Habits of the Heart: “Celebration”
By Dr. Jack R. Hodges, Jr.
With this issue, we come to the end of a year-long study of Spiritual Disciplines. The Blue Ridge Christian News has offered me an opportunity to share with you an in-depth look at one of the most important aspects of living the Christian life, that is, growing in Christ. Growth takes work. Any follower of Christ must be committed to the process of learning and being equipped to be a faithful witness to the Lordship of Christ. Just as constant exercise is crucial to maintaining optimum physical health and fitness, so also practicing spiritual disciplines fundamental is to maintaining spiritual health and fitness. Committing yourself to and practicing these twelve spiritual disciplines will keep you fit and allow you to be a powerful witness of Jesus to a lost and dying world.
The disciplines that we have already covered include meditation, prayer, fasting, study, simplicity, solitude, submission, serving, confession, worship, and guidance. The final “habit of the heart” is a celebration.
Richard Foster, from whom I have borrowed these twelve discipline titles (Celebration of Discipline: The Path to Spiritual Growth, Richard Foster. HarperCollins Publishers, 1984), says “Celebration is at the heart of the way of Christ. He entered the world on a high note of jubilation: “I bring you good news of a great joy,” cried the angel, “which shall come to all the people” (Lk. 2:10).
When God sent His Son into this world, He declared once and for all that He was not giving up on His wayward creation. Through countless generations, God had shown them His love, mercy, grace, and His character of love, patience, kindness, forgiveness, as well as strength and authority. And yet, mankind still didn’t get it. They continually tried to make their own way to live and survive. And they continually tried to find their own way to God. Mankind’s efforts helped them to survive—but kept them separated from God as sin and rebellion propelled them towards destruction. And time and time again, God would bring them back and offer them forgiveness and renew His invitation to know Him and serve Him alone.
When God, in the fullness of time, offered His Only Begotten Son, Jesus, there was cause for celebration. Once and for all, God made a way where there was no way for His precious creation to find and receive forgiveness and be reconciled to God for all eternity. God offered them eternal salvation and the promise of the right relationship that would last for all eternity.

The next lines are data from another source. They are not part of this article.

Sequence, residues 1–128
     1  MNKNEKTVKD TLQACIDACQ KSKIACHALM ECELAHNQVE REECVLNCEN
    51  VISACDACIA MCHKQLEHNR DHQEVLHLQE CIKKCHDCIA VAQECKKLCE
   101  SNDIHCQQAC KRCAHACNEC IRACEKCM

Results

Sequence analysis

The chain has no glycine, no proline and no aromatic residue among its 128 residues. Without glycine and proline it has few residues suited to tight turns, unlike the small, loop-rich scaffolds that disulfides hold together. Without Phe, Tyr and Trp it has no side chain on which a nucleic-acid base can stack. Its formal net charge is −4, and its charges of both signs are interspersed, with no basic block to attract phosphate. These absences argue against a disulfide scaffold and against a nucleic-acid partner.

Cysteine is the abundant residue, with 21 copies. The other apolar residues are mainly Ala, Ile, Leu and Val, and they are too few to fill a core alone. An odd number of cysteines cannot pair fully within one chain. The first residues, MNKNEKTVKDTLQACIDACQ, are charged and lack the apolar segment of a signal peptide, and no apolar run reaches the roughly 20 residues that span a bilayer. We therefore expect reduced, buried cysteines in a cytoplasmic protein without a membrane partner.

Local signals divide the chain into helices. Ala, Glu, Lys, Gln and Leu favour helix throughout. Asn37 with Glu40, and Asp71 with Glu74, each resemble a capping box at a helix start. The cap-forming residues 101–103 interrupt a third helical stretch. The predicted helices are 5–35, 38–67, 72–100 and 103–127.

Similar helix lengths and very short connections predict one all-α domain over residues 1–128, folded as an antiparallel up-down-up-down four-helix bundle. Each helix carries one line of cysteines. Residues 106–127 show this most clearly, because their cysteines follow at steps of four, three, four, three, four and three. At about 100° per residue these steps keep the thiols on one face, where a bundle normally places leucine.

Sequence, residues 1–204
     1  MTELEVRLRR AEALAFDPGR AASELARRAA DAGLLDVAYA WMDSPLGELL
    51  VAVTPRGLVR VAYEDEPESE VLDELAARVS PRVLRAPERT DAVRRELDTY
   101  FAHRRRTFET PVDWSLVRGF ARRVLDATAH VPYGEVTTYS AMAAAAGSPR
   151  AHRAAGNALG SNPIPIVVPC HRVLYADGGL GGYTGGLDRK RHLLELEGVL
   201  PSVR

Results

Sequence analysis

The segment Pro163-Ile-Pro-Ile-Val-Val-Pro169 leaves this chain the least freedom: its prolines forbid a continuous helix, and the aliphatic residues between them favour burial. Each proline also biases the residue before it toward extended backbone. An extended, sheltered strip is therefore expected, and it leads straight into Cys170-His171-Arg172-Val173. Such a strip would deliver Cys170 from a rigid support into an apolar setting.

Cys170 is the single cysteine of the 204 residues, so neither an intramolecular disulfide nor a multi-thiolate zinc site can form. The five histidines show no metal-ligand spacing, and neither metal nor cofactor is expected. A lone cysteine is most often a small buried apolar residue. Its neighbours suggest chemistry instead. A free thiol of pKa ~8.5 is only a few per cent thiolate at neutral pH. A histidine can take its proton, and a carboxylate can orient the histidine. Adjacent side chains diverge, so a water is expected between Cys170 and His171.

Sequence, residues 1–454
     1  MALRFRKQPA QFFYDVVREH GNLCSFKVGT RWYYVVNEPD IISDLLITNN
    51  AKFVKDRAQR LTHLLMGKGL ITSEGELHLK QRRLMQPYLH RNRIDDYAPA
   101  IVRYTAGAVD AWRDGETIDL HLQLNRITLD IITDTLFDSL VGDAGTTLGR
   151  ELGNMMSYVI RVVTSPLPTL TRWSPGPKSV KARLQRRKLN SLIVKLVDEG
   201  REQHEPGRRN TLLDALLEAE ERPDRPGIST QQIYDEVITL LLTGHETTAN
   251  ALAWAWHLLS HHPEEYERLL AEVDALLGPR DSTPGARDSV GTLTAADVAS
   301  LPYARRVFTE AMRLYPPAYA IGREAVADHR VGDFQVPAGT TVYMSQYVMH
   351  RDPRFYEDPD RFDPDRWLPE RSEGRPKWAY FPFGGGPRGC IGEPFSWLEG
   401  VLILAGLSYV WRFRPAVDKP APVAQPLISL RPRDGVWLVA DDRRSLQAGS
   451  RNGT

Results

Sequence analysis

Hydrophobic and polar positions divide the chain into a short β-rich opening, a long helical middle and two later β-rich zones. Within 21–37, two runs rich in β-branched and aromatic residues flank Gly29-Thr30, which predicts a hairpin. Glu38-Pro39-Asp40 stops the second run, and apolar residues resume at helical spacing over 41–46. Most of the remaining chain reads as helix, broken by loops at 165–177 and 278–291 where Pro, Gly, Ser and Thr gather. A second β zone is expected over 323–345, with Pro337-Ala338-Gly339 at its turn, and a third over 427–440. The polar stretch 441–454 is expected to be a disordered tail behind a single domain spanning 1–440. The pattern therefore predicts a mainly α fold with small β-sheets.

We offer gifts to honor the one whom we are celebrating. Often, one of the greatest problems in life is that we do not celebrate accomplishments, much less the blessings and gifts that God pours out upon us. In our busy, demanding, and the self-driven world, we usually get trapped into going from one task to another. As soon as one job is successfully completed, we immediately jump into another. In so doing, we have become trapped by Satan’s lie that we have to prove ourselves (over and over again). The result is that we are never satisfied—so we never rest! We are never quenched or filled—so we keep on searching! We are never content—so we never celebrate. We never celebrate—so we don’t experience “joy unspeakable and full of grace.” For as Foster correctly observed, “Celebration brings joy into life and joy makes us strong.” Joy is what keeps us and sustains us through all of the difficulties of life and joy is the foundation of celebration. Foster argues that it is “central to all the Spiritual Disciplines.” “Without a joyful spirit of festivity,” he declares, “the Disciplines become dull, death-breathing tools in the hands of modern Pharisees.”
The word “joy” is found no less than 180 times in the Scriptures. Here are just a few:
In 1 Chronicles 16, we read that when David succeeded in bringing the Ark of the Covenant back to the city of David. We read in 13:8, “They carried the ark of God on a new cart from the house of Abinadab, and Uzza and Ahio drove the cart. David and all Israel were celebrating before God with all their might, even with songs and with lyres, harps, tambourines, cymbals and with trumpets.” When the Ark arrived, David assigned Asaph and his relatives to give thanks to the Lord. Thus, began a great song of praise and adoration (“Oh give thanks to the Lord…”—what has been called a “sacred song” or “song of God”). A song of God brought joy and celebration and a song of praise always brings joy and celebration. If our praise doesn’t bring joy, then the chances are that we are not singing “God’s song” but our own!